Journey: Cortez to Gunnison

At 7 am, I wandered a few blocks to a sweet little coffee house in an old Airstream.

Apologies, especially to Dennis Galloway, for the crappy panorama I took with my cellphone.

I chatted with the young barista who convinced me I could never live in Cortez: It snowed there on her final day of school last May!

On to Dolores where I had my first of several stops to see the Dolores River.

Dolores is a small town, under 1000, a little larger than the one I live in. But it’s a tourist area, so it’s far busier. It has several parks along the river with benches so folks can enjoy the view.

And from Dolores north, only two words for the scenery—beautiful and dramatic. Leaves were starting to turn, so there was color everywhere. Reds, golds, greens. Brilliant blue sky with puffy, white cumulus clouds.

The road wove near, beside, and over the Dolores and each curve brought more beauty.

I passed through Rico, a town of about 400 people.

The road had started out with slow hills and gentle curves, but somewhere beyond Dolores it turned steeper with tighter curves.

And the clouds became more gray. Was there snow in my future? I’d seen a number of chain-up signs. What chains!! I’m from southern Arizona!!

I stopped to see Sheep Mountain, elevation 13,188. My altimeter said I was at nearly 1,000 feet.

The hour-and-a-half drive to Telluride took me closer to four because of the many stops I made.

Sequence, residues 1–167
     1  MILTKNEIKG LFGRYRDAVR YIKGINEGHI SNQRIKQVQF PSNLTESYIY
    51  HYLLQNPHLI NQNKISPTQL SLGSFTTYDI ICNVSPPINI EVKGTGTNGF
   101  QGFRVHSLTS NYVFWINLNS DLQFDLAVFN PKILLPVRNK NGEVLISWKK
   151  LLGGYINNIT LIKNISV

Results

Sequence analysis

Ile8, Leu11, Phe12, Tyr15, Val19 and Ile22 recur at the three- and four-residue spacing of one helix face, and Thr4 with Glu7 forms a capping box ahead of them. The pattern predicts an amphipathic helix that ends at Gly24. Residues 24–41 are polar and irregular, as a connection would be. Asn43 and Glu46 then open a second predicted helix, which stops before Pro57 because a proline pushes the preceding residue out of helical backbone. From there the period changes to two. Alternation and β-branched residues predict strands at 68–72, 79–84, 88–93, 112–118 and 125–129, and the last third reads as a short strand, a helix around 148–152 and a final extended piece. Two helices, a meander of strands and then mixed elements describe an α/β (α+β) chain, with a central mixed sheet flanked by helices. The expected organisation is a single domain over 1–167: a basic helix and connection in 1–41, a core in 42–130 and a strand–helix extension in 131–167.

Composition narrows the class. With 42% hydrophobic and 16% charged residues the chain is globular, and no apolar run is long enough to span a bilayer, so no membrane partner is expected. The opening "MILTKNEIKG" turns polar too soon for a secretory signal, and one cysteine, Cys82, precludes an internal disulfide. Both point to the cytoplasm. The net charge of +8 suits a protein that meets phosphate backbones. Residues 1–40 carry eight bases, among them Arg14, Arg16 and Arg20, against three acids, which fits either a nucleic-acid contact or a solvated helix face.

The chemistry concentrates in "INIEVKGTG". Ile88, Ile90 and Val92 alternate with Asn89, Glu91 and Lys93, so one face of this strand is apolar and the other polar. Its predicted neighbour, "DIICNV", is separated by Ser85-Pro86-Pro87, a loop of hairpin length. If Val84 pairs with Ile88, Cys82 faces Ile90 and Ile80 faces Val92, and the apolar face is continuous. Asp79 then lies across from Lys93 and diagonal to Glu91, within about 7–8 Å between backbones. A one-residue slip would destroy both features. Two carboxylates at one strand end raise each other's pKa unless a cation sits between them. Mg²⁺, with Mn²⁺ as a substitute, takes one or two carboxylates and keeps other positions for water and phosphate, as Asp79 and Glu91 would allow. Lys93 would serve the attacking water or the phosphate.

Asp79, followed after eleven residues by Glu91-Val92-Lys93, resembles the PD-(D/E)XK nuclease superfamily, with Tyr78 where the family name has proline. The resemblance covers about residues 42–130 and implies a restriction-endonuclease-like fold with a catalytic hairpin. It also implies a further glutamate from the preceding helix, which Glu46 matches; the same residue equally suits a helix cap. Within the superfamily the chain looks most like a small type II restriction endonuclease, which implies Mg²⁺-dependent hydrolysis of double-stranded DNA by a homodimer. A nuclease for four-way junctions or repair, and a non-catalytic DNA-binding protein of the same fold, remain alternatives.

I detoured a few miles into Telluride. A disappointment. It was too polished for me, seemed almost a fabrication. I’d hoped to have lunch there but found only one open parking spot with a twenty-minute limit. As I headed back out of town, I noticed all downtown spots had the same time limit. I’ll not be back.

I figured I’d better concentrate more on driving and less on the scenery if I wanted to make it to Gunnison, another several hours up the road. At my rate, it would take five or six hours!

But beyond Telluride, the scenery changed. Different side of the mountain. It was a gentle downhill most of the way, so I breezed along at 55-65 to Montrose where I finally got a meal. Then on to Gunnison for the night.

My route.

The place I stayed had a hot tub. M-m-m-m.

Published by Emilie

I'm a retired instructor from a community college where I taught Developmental English and Reading as well as English as a Second Language. I'm also now a published author of a bilingual children's book entitled. Luisa the Green Sea Turtle - Luisa la Tortuga Verde del Mar. It's available from me, through Amazon, and is in a few (more and more each day!) bookstores.

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7 Comments

  1. Hi Em,]

    Tried to comment, wouldn’t let me.

    Thanks for sharing your journey, it’s so nice to see all those places again through your eyes. I have done the exact same trip years ago when my daughter lived in Telluride ( which I did not like much either).

    Sorry you missed our show, it was very well attended and we all had fun.

    Keep on writing !

    Angelika

  2. I remember driving along the Dolores River with Bill when we went to visit friends in Ridgway, CO. I very much enjoyed the drive. Seems to me I remember seeing what looked to be a hobbit house somewhere along that route. It was very enjoyable with the occasional cow along the road.

    Marilyn

  3. I lived in briefly in Cortez & longer in Dolores in ’77 or ’78 prior to them putting in the dam on the Dolores river. Dolores was just a sleepy little town with about 500 people – very few tourists. Many fine memories…
    Nice to see fall photos🍁

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